After a two-year hiatus the Owen kids finally made it back to Nashville, a month later than we used to do it … and it was so pretty and the weather so much more Fall-like that we might make that change permanent.
After four hours sitting in front of the Toddlers From Hell, and nothing to eat but peanuts and crackers (though our simpatico attendant comped us each two Bloody Marys!) we were ready for peace, quiet and some food, so our hostess/old friend Mrs. G guided us over to Green Hills and introduced us to Table 3, right by the cinema entrance. There was peace, quiet, cocktails for the women and a lovely white wine for me, followed by the best turkey sandwich I've ever had. Not cheap but reasonable at about $15 (including great fries), this was on an excellent thick-sliced grilled white bread, with plenty of thinly-sliced non-lunchmeat turkey, avocado, tomato and lettuce, and it made me very happy. Mrs. G was delighted with her mussels and fries, as was the vegetarian Mrs. O with her beet and goat-cheese salad, this one much better than the usual "something-for-veggies" cliché. Dinner for me was later with my own family at Dalt's, about which I'll just say it hasn't changed much, and then out to Sperry's where the women were having drinks, stunningly good Sidecars that turned out to be about half the price of my mediocre wine. Who knew Sperry's cocktails would be their big bargain?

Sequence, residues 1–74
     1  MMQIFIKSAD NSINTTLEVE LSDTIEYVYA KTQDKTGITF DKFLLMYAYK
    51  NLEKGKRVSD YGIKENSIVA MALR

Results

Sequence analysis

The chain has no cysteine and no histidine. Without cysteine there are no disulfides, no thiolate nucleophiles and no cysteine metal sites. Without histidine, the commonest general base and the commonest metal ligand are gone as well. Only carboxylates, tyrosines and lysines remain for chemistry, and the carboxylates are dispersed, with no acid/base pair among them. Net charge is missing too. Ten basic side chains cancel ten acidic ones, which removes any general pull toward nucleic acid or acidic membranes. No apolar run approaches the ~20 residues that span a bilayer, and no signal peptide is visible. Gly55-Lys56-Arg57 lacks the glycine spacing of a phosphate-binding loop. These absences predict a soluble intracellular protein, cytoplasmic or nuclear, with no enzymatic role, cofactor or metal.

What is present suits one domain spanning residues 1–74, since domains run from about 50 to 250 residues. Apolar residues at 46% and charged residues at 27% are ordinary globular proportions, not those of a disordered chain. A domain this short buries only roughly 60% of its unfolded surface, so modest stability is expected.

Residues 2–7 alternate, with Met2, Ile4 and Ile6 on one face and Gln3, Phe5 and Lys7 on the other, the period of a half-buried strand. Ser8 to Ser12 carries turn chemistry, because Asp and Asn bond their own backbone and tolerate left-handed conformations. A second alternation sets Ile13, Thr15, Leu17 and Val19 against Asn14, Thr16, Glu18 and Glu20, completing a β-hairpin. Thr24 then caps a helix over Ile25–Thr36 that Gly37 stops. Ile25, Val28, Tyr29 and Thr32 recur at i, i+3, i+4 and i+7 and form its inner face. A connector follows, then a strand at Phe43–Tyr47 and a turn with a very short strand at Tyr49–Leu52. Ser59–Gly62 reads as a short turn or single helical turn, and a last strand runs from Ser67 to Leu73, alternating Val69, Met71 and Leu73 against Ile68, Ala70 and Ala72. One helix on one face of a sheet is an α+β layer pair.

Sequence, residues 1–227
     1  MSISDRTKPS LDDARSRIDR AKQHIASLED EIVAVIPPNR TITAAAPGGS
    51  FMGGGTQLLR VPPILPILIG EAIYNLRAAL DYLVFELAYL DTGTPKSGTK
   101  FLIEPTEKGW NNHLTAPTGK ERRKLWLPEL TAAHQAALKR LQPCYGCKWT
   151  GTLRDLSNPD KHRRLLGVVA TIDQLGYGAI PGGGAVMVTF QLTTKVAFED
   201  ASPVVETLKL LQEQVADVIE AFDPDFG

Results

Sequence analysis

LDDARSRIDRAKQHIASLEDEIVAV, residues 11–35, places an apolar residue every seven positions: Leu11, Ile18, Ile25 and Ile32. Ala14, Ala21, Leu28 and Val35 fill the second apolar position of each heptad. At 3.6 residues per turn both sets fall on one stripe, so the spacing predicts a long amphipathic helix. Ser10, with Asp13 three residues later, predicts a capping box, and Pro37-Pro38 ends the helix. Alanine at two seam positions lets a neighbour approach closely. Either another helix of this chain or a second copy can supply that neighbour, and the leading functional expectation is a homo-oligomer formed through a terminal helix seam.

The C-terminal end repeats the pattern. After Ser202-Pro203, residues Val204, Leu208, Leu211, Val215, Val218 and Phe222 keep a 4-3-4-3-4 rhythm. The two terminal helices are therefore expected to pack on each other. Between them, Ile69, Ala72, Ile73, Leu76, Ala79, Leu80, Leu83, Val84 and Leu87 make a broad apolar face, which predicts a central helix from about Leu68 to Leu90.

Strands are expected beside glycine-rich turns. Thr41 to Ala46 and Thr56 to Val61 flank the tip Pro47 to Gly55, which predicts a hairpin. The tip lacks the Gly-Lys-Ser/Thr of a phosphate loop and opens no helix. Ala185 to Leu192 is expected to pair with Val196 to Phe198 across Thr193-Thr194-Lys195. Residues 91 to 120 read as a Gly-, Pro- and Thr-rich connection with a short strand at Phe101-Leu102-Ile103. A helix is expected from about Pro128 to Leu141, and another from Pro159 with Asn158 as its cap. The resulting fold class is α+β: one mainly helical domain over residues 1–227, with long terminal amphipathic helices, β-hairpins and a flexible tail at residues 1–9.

On Friday we headed up to our "Tribal" gathering at Wig Wam Village in Cave City, stopping for lunch as we usually do at the Town House Café in Franklin, KY. Last time we were there it had been closed and then re-opened; this time apparently the same thing had happened again, and there'd been a major cleaning and refurbishing of both premises and menu. Still your basic meat'n'three, but the vegetables were fresher and better than we remembered, including the best fried okra I can remember tasting, and in generous portions, too. We wrapped it up with a fresh home-made banana pudding that was NOT yellow glop with vanilla wafers, but fresh, tangy banana in big chunks with just enough vanilla pudding and a cobbler-like crust chopped into it. On 31E, just before the courthouse square.
There's really no Chow-worthy stuff to mention in the Cave City/Horse Cave area, so I won't bother except to say if you're stuck there it's all chains except for the buffet at the Water Mill, and that's actually better and cheaper than the Cracker Barrel alternative.
Back in Nashville, it's gotten a lot better and it showed. Monday lunch was with my son and brother at Arnold's, long regarded by many as the best meat'n'three in the area, and now owned and operated by Arnold's son Khalil. I'd wanted to get the justly-famous fried chicken, but got sidetracked by kielbasa and kraut, one of my favorite dishes. Mrs. O found enough vegetables, plus a pie advertised as chocolate with spicy chiles. I'm afraid I was disappointed with my choice - the sausage was nice and smoky, but loose and flabby, and the kraut had been too heavily sweetened for my taste, with no tanginess at all. However, son Ben gallantly offered me first bite of his massive chicken thigh, and I took a big and quite delicious one. The newfangled pie was also a delight, deeply chocolatey and rich, with the heat showing up right behind the richness. Arnold's is at 605 8th Ave. South - open 10:30-2:45 Monday-Friday.